Trevi Fountain Rome
Visitor Submission and Question: I've been wondering about how our large suburban neighborhood adjacent to a major city could maximize a major donation we just received for a public fountain. A couple of friends and I have been collecting photos of both classical and modern fountains that we like and then trying to analyze why some are more pleasing than others.
It seems that the ones that are the most memorable are those that flow from a skillful sculpture or highly original idea. We are beginning to think that the background is more important than the water, which always will be beautiful.
Since we can only send four photos, I picked some to illustrate this point. First, we see the famous Trevi Fountain in Rome, where the outsized sculpture and the very large pool are much more prominent than the actual falling water.
Next is a colorful piece in Luzern, Switzerland, where the sculpture is the main event and the water spouting out a few places seems like just a whimsical after thought.
The third photo is of the Millennium Park Crown Fountain in Chicago, where the video wall of faces definitely makes us remember it, far more than the water spouting out of the mouth.
Last I chose a photo of a fountain along what I think was called the Canal Walk near downtown Indianapolis. It is really pretty, as is the iron railing around it, but neither the water nor the railing is something my wife and I remembered from our travels until we saw this photo.
My friends and I would like to know if you and your readers agree with our conclusion thus far that the sculpture part or the backdrop of the fountain is very important in making an impact on the visitor.
Editors Reply: Thanks for taking time to send and describe the photos.
Yes, we think it's true that the sculpture or backdrop for the fountain is what really makes it stand out in our minds, unless the quantity of the water is just spectacular. We're thinking of the fountains at Bellagio in Las Vegas, which periodically shoot huge quantities of water skyward.
We would advise you also to think very carefully about the scale and dimensions of the fountain. For example, does it need to be quite tall, maybe because buildings or trees around it are tall and you want your fountain not to be dwarfed.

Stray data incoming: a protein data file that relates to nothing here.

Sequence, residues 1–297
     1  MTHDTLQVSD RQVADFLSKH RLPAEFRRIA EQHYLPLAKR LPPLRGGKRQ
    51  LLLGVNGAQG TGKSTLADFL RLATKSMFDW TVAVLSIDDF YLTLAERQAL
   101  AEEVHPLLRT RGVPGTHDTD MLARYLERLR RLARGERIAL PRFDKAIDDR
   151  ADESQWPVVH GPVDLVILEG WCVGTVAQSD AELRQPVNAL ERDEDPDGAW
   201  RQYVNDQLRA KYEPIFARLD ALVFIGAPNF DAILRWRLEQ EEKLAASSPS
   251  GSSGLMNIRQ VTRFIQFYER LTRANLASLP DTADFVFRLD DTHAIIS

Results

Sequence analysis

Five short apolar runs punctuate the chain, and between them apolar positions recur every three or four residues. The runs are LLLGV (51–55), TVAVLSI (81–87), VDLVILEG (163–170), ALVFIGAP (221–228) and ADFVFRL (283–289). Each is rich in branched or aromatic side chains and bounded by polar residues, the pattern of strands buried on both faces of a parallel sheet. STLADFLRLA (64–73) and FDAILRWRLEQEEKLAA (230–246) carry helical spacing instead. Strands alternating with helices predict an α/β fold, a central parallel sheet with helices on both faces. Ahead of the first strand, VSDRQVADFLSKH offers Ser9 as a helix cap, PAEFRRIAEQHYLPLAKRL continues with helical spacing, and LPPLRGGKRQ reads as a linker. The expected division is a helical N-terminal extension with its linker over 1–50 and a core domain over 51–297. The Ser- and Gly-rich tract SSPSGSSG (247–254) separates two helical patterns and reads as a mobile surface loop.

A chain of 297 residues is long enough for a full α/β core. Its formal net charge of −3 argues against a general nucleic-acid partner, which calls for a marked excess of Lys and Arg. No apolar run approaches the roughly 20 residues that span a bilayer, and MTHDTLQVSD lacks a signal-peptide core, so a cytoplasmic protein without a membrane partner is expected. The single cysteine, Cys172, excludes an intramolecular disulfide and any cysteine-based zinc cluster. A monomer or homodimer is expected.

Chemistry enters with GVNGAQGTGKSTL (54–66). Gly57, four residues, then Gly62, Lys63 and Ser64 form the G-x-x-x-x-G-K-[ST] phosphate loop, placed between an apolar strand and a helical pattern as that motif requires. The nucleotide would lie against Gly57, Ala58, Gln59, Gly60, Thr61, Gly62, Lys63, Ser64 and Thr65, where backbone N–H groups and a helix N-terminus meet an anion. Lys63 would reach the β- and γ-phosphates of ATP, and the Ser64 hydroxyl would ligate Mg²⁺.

Or maybe you really need to fill quite a bit of horizontal space because your plaza or other site is quite wide and you want the fountain to be the dominant or only site amenity there.
If you find that the appropriate scale is compromising affordability of the fountain, there are just a few tricks you can use. If you need more height, perhaps a talented landscape architect can design a fairly tall berm that would be suitable below the base of the fountain.
If you need more width, try expanding the fountain area visually by adding some colorful planting beds. If color will distract too much, then the alternative would be a monochromatic gardening bed, perhaps only an interesting variety of evergreen shrubs or maybe a low shrub with white flowers much of the year.
Another wide to widen out the fountain feature visually is to design a wide pool at the base of the fountain. Take a cue from the Trevi Fountain.
So yes, we do agree that a strong sculpture is the key to a memorable fountain that provides an identity to your plaza or even your town, as opposed to one that is merely pretty. We love pretty fountains, which have the additional effect of making it seem cooler on a hot day, but as your Indianapolis example does illustrate nicely, pretty doesn't mean I'll remember it tomorrow.
We would love to hear from readers on this subject too.
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